The British Columbia Historical Federation is pleased to announce the shortlist for the Annual Historical Writing Competition. Congratulations to all the finalists.
Finalists in Alphabetical Order by Last Name
Ben Bradley takes readers on an unprecedented journey through the history of roads, highways, and motoring in British Columbia’s Interior, a remote landscape composed of plateaus and interlocking valleys, soaring mountains and treacherous passes.
Changing Tides chronicles more than 30 stories of Japanese Canadian fishermen and their families on the B.C. coast. Stories collected range from before the Second World War to the present day. With conversational recollections to individual reflections, these are stories of hardship, determination and triumph, with personal perspectives on injustices, discrimination and tales of resiliency and perseverance.
On a late summer day, many years ago, a young man set out on a voyage through the mountains. He never reached his destination. When his remains were discovered by three British Columbia hunters, roughly three hundred years after he was caught by a storm or other accident, his story had faded from even the long memory of the region’s people. First Nations elders decided to call the discovery Kwädąy Dän Ts’ìnchį—Long Ago Person Found.
British Columbia is at the forefront of a secularizing movement in the English-speaking world. Nearly half its residents claim no religious affiliation, and the province has the highest rate of unbelief or religious indifference in Canada. Infidels and the Damn Churches explores the historical roots of this phenomenon from the 1880s to the First World War.
Fernie, a small community located in BC’s Kootenay region, entered the First World War in 1914 with optimism and a sense of national pride-it emerged five years later having experienced staggering losses and multiple controversies that threatened to tear their community apart.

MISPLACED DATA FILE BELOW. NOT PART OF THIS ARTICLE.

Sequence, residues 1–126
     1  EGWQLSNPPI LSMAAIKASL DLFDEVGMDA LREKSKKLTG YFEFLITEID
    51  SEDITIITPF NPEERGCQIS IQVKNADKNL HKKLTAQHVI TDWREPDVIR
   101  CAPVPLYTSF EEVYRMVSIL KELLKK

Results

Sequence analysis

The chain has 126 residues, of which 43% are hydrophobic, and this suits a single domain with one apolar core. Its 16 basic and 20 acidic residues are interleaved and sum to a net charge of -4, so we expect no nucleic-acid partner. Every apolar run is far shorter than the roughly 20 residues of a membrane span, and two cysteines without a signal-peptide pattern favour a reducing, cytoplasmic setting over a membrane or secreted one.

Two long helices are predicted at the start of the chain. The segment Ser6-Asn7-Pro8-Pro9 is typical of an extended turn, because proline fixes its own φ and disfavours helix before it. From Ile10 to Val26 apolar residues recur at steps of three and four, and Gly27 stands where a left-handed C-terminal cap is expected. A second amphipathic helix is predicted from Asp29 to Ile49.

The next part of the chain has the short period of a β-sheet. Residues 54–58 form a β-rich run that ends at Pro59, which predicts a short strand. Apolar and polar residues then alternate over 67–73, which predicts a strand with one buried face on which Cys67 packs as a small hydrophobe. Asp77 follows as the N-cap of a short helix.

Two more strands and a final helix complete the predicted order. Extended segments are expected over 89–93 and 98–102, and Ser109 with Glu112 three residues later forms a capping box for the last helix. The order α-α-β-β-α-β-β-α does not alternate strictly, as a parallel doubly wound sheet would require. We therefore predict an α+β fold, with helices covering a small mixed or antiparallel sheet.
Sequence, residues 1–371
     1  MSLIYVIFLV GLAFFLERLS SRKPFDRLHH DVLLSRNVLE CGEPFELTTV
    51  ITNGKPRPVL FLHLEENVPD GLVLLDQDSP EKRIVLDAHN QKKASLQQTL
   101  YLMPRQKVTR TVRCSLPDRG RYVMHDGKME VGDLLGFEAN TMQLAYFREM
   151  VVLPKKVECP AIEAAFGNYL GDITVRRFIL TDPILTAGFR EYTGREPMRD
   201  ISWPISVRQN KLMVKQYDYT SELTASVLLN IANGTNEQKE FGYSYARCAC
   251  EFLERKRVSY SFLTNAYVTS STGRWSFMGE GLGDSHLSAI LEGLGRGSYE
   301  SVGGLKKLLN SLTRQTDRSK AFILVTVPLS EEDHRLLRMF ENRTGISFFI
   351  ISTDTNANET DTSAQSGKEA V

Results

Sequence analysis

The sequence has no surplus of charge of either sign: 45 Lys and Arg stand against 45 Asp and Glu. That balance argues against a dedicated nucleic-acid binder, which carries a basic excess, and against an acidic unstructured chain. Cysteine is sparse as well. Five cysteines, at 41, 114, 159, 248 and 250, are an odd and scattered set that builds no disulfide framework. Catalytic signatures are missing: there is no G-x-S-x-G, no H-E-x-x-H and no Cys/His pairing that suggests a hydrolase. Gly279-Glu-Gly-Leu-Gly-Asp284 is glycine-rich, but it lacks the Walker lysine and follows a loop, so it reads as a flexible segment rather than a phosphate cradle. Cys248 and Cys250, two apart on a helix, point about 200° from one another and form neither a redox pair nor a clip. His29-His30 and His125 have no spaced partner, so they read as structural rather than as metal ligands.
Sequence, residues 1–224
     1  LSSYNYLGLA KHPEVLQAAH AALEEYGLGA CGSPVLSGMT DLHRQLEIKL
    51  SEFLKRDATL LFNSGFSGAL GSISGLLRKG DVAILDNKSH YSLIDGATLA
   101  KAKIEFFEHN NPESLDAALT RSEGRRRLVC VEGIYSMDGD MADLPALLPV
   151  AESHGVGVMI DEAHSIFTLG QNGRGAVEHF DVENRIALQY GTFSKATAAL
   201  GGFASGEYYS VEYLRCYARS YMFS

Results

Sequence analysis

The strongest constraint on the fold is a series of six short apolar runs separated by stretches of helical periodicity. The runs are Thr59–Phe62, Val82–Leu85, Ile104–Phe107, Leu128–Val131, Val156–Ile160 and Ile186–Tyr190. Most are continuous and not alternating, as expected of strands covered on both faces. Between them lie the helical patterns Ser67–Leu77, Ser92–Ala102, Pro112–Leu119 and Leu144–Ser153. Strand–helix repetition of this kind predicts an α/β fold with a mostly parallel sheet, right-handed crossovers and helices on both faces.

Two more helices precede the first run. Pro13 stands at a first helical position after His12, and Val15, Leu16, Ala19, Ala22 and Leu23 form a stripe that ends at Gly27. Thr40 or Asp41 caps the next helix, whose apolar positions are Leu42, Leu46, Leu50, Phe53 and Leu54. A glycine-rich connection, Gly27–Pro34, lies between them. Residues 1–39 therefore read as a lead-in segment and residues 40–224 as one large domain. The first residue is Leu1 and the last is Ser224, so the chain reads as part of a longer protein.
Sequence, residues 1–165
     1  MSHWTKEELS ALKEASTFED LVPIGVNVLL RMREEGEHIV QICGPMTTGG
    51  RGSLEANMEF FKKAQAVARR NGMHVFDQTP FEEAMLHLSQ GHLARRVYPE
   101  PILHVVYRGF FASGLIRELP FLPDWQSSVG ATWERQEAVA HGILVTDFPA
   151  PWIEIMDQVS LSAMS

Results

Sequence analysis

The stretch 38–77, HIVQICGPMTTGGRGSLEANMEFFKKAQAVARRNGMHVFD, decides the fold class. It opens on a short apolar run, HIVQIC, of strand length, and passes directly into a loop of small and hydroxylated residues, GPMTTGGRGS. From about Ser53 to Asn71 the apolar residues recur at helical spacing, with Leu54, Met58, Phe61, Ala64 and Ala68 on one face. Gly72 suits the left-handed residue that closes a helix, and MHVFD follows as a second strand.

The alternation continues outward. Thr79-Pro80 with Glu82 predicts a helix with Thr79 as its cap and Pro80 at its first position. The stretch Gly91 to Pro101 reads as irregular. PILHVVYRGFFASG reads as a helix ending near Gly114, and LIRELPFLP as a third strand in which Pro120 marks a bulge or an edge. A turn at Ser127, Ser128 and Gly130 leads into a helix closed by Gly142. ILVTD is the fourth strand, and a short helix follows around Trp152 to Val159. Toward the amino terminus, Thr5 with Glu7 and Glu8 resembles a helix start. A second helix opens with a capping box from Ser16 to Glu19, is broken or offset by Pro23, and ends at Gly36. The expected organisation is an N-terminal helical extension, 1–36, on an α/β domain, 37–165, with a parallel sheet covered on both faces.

Interweaving geography, biology and resource economics with history, this is a deft examination of the Strait of Georgia from the 1850s to the modern era.
Who was Wah Lee? To the Keen family living in North Cariboo, B.C., Wah Lee was their forefather from China; amongst local historians, Wah Lee is the name for a general store in Quesnel, B.C. This book unravels the mystery of a name, which is also the story of a person, a business, and a family that traverses 150 years of history and crosses the Pacific from China to Canada. What unfolds is not just the history of one family, but a history of the recent past in Canada and China told through the trials and fortunes, hopes and dreams of individual family members.
The winners will be announced at the British Columbia Historical Federation Conference Book Awards Gala held in partnership with the Arrow Lakes Historical Society on Saturday, May 26, 2018, 6:00 pm at the Nakusp Arena Auditorium in Nakusp, BC.
About the Competition
The Historical Writing Competition celebrates books that make significant contributions to the historical literature of British Columbia.
The BC Lieutenant-Governor’s Medal for Historical Writing is awarded together with $2,500 to the author whose book makes the most significant contribution to the historical literature of British Columbia. Awards are also presented for second place ($1,500), third place ($500) and Community History. Certificates of Honourable Mention may be awarded to other books as recommended by the judges.
For more information about the Historical Writing Competition or this year’s nominees, contact:
First Vice President, Chair of Historical Writing, British Columbia Historical Federation